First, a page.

Learning from Cats with the Teachable Spirit

» Posted by on Dec 1, 2014 in teachable spirit | 0 comments

Learning from Cats with the Teachable Spirit

Remaining open to potential learning opportunities allows the teachable spirit to learn from any source.

Pets provide an abundance of joy through their presence, antics, and need of our nurturing. Recently, a friend loaned me a book entitled, Everything I Know About Life I Learned from My Cat, by Hope Lyda, with incredibly gorgeous paintings by Lesley Anne Ivory. Enjoying the exquisite art and lovely idioms about cats, I also encountered delightful epiphanies, such as the following:

  • The Best Gifts in Life Are Relationships
  • Never Give Up Hope
  • Personal Space Is Good
  • Be Careful What You Ask For
  • Ritual Is Important
  • A Life Is as Good as the View
  • Love the One You are With
  • Miracles Can Happen

Experiencing a very close friendship where we just “get” each other has helped me to appreciate relationships from a fresh perspective. On the subject of hope, I appreciate the comment from page 15:

First impressions…with people or cats, can leave something to be desired.

Alexander showing me his face, September 2014.

Alexander showing me his face, September 2014.

But when we invest in one another, hope shows its little face. –Barb S.

Relating to the author about personal space, I too, have felt guilty about my need for quiet and solitude. However, as with cats, I have come to realize that indeed, time alone, time spent in thought, and time in reflection, clears the head and restores the heart, providing the ability to enjoy relationships with renewed gratitude and love.

Dogs come when they’re called; cats take a message and get back to you later. –Mary Bly

Natasha and Alexander greet me at the door when I return home from work.

Natasha and Alexander greet me at the door when I return home from work.

Appreciating the insight detailed by a story about Nicky who kept getting stuck between the screen door and the main door because her companion kitty, Murphy, would oblige by opening the screen door for her; the teachable spirit saw the irony of trying to go through what appears to be an open door, but really is not. In our eagerness to achieve our desire, we may sometimes rush forward, only to be caught short by another barrier, instead of waiting for the door to be opened by the one with the key.

Alexander frequently takes this pose; in this case, he is lying over the heater vent.

Alexander frequently takes this pose; in this case, he is lying over the heater vent.

In these days of tension, human beings can learn a great deal about relaxation from watching a cat, who doesn’t just lie down when it is time to rest, but pours his body on the floor and rests in every nerve and muscle. –Murray Robinson

Balking at routine, I nevertheless have come to terms with some essential repeated disciplines in my life, such as yoga, reading the Torah, writing in my journal, and the like; all of which I attempt to maintain on a daily basis. I appreciate that the author has used the term ritual, which she describes on page 27:

One such ritual is the bath, which I caught this cat doing near Leavenworth, WA in June 2014.

One such ritual is the bath, which I caught this cat doing near Leavenworth, WA in June 2014.

Ritual is routine spruced up, elevated to spiritual discipline. Ritual gives a flabby life shape, contours, and content. Ritual feeds us from the inside out and ultimately leads us home. —Hope Lyda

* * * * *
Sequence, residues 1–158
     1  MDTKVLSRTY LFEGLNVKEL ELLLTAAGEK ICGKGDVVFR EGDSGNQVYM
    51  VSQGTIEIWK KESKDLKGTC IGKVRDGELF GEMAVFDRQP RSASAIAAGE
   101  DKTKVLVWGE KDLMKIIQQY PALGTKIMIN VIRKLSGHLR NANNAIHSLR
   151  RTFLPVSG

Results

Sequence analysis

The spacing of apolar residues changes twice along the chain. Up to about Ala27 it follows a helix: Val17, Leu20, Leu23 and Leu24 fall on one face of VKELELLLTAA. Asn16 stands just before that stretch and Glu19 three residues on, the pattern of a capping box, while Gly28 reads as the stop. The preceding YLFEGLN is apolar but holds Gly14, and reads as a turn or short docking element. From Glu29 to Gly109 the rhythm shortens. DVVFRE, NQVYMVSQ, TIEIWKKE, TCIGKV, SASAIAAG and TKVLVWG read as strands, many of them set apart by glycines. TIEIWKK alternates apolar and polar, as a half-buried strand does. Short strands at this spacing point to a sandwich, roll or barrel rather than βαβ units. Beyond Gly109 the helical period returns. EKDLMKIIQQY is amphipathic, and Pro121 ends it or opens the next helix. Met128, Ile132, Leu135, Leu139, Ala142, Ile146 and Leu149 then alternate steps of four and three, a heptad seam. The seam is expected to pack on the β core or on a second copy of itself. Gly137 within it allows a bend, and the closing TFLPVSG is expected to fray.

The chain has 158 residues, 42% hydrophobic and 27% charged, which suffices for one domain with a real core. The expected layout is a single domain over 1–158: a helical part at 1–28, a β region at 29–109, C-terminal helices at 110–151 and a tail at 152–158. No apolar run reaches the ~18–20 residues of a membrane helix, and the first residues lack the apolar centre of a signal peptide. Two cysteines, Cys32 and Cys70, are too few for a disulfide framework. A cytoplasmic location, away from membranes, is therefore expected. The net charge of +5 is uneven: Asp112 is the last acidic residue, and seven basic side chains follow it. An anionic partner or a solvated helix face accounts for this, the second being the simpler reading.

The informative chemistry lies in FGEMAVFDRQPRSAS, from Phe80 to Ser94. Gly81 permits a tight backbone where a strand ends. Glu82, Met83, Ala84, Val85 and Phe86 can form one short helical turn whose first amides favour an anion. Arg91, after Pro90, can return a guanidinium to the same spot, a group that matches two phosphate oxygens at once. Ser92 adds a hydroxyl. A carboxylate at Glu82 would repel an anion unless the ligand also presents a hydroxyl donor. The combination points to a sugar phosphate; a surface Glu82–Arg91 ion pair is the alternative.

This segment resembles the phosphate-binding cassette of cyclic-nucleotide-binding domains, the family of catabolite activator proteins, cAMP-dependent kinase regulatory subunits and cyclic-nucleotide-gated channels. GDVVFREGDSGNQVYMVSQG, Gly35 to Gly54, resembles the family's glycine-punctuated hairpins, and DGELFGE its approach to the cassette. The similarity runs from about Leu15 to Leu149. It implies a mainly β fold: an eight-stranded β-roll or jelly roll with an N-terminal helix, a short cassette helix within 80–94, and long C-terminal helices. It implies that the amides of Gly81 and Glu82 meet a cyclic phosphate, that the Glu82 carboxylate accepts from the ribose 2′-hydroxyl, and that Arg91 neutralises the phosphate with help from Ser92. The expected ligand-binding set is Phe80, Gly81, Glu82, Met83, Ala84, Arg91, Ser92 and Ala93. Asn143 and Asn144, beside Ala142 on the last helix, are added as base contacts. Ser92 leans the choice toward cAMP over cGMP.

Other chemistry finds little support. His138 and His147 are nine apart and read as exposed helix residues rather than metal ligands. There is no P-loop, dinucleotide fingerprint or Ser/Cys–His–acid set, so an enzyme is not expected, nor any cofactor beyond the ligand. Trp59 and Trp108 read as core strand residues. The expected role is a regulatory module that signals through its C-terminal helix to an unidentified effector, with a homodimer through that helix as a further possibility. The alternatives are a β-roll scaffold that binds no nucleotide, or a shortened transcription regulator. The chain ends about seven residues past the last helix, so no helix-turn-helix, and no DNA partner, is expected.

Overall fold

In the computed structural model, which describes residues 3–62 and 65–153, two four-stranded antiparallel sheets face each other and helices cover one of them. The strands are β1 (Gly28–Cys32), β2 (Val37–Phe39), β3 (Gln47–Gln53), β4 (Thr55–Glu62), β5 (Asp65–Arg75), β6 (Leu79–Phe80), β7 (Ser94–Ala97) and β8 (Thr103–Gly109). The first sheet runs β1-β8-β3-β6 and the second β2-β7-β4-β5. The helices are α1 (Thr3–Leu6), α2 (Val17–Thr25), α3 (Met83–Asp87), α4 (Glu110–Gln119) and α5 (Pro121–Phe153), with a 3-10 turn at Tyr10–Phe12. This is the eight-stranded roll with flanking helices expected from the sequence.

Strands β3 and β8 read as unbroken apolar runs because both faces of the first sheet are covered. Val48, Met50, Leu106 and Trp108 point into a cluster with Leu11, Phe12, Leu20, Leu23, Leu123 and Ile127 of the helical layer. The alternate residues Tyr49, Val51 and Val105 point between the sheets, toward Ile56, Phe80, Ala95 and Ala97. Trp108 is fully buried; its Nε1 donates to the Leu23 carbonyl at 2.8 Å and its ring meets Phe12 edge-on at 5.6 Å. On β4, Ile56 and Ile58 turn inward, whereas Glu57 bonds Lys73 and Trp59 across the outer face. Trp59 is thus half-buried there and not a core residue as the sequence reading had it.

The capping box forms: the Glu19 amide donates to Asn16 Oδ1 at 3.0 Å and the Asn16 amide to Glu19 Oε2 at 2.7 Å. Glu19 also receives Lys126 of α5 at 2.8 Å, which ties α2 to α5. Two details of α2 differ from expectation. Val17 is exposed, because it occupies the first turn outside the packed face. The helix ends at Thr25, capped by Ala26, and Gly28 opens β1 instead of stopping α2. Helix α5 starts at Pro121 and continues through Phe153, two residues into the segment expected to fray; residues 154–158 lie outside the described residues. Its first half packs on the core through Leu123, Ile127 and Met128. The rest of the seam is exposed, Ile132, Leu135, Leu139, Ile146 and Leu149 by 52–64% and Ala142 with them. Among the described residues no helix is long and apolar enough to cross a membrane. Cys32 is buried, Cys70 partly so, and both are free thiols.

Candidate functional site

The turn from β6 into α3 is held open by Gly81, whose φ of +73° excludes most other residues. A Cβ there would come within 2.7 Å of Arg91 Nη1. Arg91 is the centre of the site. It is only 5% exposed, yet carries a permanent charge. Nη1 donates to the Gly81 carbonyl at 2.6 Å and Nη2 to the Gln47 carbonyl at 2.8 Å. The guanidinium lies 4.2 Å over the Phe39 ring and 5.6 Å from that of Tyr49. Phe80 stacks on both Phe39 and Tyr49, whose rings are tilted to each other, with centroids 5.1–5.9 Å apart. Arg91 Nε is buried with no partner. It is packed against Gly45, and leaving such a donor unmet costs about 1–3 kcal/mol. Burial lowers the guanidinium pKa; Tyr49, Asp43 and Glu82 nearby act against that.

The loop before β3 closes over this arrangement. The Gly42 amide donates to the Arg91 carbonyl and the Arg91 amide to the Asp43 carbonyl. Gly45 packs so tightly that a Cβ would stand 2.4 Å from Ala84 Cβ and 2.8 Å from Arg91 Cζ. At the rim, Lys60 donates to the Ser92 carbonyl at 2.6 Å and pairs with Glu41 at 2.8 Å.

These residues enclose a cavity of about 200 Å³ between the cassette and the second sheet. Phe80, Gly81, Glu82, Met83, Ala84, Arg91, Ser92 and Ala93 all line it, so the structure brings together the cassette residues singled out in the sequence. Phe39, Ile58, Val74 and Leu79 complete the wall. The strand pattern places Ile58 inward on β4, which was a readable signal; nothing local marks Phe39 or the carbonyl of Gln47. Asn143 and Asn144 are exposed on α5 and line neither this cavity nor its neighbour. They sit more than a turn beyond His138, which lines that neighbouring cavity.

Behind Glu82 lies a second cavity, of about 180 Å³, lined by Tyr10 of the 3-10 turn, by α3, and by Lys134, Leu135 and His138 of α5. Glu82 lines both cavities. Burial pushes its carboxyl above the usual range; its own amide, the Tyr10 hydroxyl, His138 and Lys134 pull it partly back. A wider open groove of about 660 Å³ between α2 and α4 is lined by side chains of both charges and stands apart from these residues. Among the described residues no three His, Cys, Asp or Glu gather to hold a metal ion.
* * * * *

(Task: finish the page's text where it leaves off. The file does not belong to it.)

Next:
Understanding thoroughly that life is as good as the view, I reflect on my own experience sitting in my office with the gorgeous picture windows and park across the street. As Hope Lyda states,

Recent fall view from my office window, Tacoma, WA, November 2014.

Recent fall view from my office window, Tacoma, WA, November 2014.

What we get from life depends on what we see from where we stand. …when I pay attention to the scene from my existence, many beautiful pieces form the kaleidoscope I call my own. When I want courage, I view the many good life triumphs and experiences in my rearview mirror as well as the promises ahead on the pale pink horizon.

Natasha sits on the arm of the chair next to me as I read and/or write,

Natasha sits on the arm of the chair next to me as I read and/or write, September 2014.

Loving the one you are with is extremely sound advice, bringing to mind that being present in the moment with whomever you are with is the best gift you can give that person–the gift of your presence. Cats are exceptional at delivering this message. My female cat, Natasha, never really wants to sit on my lap, but wherever I am in the house, that’s where she wants to be.

Miracles happen when we follow our heart. The teachable spirit knows that:

Alexander's usual post, stretched out on my lap, September 2014.

Alexander’s usual post, stretched out on my lap, September 2014.

…when we follow those gentle God nudges–the ones that bypass logic and reason and go straight to the heart of things–miracles fill our days. —Hope Lyda

My cats are a constant source of joy and entertainment.

My cats are a constant source of joy and entertainment.

Finishing the grand and glorious 30 year project of helping my daughter find her way in the world stabilized my life while simultaneously leaving a vacancy, which my cats gladly stepped into without reservation. While they had been there all along, their presence became more precious with the greater personal space. Ritual is strictly adhered to now that there is no interference, and life is very good for them. They are definitely attached to me and the teachable spirit continues to see them as small miracles in my life.

Hanging out with Alexander.

Hanging out with Alexander.

Cats love one so much–more than they will allow. But they have so much wisdom they keep it to themselves. –Mary E. Wilkins Freeman

 

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